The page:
More than a mixture.
Rojak is a Malay word meaning ‘mixture’. But if you hear it used in conversation in Singapore, it’s probably referring to what’s for lunch. Rojak is the name of not one but two hawker dishes, and both are delicious and completely different.
First up is fruit rojak, also known as Chinese rojak, which is best described as fruit salad with an injection of Southeast Asian flavours. The exact mixture varies by hawker, but fruit rojak generally consists of pineapple, apple, cucumber, jicama, bean sprouts, tofu, and youtiao (fried dough fritters) tossed in tamarind sauce and topped with crushed peanuts. It might sound like a vegetarian dish, but the sauce usually contains prawn paste and some variations include dried cuttlefish.
Much like the Thai salad som tam, fruit rojak is a rollercoaster of tastes and textures – it’s sweet, sour, wet, crunchy and can even be spicy. Fruit rojak is sold in different sizes (usually S$3-5) and is served with skewers, making it an easy dish to share. It’s also a common street food dish in Malaysia and Indonesia.
More unique to Singapore’s hawker centres is Indian rojak. To try this dish look for a stall with a display of deep-fried snacks like battered prawns, tofu puffs, fishcakes, dough fritters and chilli potatoes. Use the tongs to load a plate with as many as you like then hand it to the hawker who’ll dice them up and mix in some raw onions and chilli peppers. The sauce for Indian rojak is served on the side and is an addictive mix of chilli thickened with sweet potato. Many Indian rojak stalls develop a loyal following based solely on their homemade chilli sauce.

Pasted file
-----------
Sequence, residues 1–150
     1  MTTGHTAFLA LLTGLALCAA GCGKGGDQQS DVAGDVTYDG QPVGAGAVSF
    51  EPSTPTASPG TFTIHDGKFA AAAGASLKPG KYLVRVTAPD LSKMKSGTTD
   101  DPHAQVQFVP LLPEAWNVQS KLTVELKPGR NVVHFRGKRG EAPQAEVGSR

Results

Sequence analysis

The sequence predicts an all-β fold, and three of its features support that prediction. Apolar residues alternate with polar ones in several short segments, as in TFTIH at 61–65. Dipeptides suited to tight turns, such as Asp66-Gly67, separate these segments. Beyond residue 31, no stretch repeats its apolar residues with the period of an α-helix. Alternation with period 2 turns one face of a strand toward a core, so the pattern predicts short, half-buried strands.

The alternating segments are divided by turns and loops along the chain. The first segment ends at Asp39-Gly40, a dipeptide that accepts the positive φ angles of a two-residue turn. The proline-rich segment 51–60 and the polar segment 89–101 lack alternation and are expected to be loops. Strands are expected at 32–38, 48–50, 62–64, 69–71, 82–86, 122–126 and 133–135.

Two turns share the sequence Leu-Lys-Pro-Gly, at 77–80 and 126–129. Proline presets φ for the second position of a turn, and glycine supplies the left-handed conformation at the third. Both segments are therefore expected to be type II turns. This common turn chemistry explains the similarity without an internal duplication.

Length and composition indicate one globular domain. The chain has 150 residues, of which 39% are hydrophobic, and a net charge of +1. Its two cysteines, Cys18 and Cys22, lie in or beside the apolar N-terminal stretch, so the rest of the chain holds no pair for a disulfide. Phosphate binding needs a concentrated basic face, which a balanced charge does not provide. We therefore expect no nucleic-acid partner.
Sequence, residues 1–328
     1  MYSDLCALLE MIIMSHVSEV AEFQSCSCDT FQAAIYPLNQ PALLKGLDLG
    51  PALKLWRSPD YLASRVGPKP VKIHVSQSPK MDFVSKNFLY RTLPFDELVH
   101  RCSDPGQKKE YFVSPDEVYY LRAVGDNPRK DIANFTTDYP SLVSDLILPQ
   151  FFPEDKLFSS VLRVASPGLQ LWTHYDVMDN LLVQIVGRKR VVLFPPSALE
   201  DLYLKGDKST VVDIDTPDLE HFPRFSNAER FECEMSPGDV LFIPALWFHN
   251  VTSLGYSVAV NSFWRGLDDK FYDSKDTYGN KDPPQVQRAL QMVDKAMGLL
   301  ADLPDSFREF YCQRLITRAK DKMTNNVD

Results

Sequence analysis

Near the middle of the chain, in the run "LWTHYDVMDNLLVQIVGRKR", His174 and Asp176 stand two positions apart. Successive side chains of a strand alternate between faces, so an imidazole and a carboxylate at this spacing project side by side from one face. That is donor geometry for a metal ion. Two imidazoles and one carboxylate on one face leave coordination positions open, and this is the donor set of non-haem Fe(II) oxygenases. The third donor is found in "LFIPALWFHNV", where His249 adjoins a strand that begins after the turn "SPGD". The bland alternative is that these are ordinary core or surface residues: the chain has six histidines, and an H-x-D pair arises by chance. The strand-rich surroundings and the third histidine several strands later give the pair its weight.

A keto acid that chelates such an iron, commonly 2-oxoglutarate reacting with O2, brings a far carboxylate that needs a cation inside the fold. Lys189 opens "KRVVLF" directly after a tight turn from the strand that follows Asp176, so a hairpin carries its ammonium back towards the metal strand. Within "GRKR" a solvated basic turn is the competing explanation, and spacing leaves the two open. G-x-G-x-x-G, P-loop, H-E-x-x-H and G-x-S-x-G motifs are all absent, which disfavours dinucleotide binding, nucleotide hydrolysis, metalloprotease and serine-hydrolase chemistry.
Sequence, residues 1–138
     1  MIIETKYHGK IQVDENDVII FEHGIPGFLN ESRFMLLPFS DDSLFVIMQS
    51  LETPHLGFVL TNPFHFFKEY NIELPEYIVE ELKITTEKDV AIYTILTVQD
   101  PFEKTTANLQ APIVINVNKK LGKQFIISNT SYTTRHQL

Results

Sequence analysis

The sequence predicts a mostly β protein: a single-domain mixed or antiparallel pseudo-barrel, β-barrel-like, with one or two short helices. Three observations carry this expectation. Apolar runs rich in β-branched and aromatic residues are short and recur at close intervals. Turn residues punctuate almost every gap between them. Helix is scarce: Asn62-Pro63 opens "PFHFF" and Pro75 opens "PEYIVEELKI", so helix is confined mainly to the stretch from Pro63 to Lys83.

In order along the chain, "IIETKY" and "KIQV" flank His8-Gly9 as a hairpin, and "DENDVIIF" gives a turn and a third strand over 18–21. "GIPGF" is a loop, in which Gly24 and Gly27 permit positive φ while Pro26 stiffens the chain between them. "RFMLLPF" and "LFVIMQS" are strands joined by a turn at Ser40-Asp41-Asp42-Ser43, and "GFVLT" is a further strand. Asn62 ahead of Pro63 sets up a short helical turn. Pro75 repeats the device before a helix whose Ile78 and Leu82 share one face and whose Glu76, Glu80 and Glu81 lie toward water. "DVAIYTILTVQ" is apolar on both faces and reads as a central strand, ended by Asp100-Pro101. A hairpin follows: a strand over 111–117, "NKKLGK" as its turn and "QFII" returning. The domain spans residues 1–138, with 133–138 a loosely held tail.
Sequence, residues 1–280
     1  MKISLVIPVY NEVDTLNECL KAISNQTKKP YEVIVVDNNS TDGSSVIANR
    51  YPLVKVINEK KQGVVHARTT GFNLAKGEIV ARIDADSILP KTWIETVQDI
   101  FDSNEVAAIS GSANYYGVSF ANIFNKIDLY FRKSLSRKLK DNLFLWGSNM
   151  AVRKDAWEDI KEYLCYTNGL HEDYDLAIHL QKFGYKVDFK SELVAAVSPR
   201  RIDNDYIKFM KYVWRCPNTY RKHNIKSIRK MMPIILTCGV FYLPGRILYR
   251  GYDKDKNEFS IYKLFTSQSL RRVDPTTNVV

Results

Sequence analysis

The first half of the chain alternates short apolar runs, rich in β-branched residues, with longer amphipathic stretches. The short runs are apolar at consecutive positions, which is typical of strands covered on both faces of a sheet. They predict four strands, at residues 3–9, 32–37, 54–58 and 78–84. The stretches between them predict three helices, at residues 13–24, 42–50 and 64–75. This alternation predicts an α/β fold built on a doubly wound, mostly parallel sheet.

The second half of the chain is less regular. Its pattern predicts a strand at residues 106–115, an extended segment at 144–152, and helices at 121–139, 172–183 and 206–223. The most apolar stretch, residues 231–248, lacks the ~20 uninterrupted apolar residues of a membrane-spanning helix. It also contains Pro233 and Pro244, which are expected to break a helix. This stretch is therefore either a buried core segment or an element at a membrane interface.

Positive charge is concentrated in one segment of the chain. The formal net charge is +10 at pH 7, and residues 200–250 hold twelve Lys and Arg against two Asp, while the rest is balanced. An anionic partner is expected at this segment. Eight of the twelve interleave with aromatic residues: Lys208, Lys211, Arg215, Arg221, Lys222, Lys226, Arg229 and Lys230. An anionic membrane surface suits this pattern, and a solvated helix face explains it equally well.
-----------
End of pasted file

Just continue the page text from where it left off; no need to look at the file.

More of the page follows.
Like fruit rojak, Indian rojak is an easy dish to share and tastes great with an ice-cold Tiger beer. The price depends on the number of pieces you choose and, for the big plate of Indian rojak in the photo above, I paid S$4.
No hawker centre is complete without a rojak stall or two (the big ones will have both kinds), but if you want to try the best of the best here are some recommendations:
Chinese Fruit Rojak
Toa Payoh Rojak, Stall #01-108 at the Old Airport Road Hawker Centre
Vegetarian Uncle Rojak, Coffee shop at Blk 805 Hougang Central
Temasek Indian Rojak, Stall #01-254 at Tekka Centre
Adam’s Indian Rojak, Stall #5 at Adam Road Food Centre
Tanya Procyshyn is a freelance writer and photographer. With a passion for unusual destinations, she has camped alongside Komodo dragons and shook hands with soldiers in North Korea.
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